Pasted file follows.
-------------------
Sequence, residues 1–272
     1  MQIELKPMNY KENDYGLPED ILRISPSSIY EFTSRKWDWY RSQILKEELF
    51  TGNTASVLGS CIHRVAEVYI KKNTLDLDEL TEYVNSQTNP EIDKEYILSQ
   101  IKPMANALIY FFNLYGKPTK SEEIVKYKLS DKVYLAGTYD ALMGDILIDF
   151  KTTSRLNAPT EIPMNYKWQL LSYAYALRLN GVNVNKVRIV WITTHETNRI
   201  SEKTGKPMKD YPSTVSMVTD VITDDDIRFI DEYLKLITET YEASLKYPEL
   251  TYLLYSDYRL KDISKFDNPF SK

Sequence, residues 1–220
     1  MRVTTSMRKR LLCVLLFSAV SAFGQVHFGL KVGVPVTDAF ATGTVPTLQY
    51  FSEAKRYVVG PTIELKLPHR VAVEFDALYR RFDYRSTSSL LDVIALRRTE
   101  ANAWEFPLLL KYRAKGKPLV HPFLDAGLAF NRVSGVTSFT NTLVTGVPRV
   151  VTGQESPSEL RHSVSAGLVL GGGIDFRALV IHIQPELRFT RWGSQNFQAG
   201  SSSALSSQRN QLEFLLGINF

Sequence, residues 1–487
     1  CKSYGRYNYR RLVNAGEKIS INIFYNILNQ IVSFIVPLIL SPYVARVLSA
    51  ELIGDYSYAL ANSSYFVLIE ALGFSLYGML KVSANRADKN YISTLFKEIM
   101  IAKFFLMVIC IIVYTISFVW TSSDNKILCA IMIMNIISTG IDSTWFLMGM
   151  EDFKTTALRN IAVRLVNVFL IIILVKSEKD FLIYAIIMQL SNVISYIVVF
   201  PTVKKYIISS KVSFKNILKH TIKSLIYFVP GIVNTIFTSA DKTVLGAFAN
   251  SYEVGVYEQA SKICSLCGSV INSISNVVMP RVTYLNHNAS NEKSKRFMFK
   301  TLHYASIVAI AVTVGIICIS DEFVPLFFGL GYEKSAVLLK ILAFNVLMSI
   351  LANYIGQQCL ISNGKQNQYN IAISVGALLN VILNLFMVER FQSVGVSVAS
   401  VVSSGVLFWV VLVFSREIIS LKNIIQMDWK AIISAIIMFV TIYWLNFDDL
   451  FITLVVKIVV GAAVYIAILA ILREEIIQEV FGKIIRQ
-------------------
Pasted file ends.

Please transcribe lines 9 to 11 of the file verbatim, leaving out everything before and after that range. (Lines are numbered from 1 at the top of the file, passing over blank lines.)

     1  MRVTTSMRKR LLCVLLFSAV SAFGQVHFGL KVGVPVTDAF ATGTVPTLQY
    51  FSEAKRYVVG PTIELKLPHR VAVEFDALYR RFDYRSTSSL LDVIALRRTE
   101  ANAWEFPLLL KYRAKGKPLV HPFLDAGLAF NRVSGVTSFT NTLVTGVPRV